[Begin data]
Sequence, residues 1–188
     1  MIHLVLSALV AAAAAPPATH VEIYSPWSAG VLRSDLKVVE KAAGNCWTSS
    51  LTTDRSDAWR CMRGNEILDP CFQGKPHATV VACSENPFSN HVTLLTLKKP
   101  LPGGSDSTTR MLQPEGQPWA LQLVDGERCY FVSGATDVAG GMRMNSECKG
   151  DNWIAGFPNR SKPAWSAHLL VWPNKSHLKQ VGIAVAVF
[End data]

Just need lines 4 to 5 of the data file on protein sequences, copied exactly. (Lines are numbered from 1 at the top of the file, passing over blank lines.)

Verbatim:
   101  LPGGSDSTTR MLQPEGQPWA LQLVDGERCY FVSGATDVAG GMRMNSECKG
   151  DNWIAGFPNR SKPAWSAHLL VWPNKSHLKQ VGIAVAVF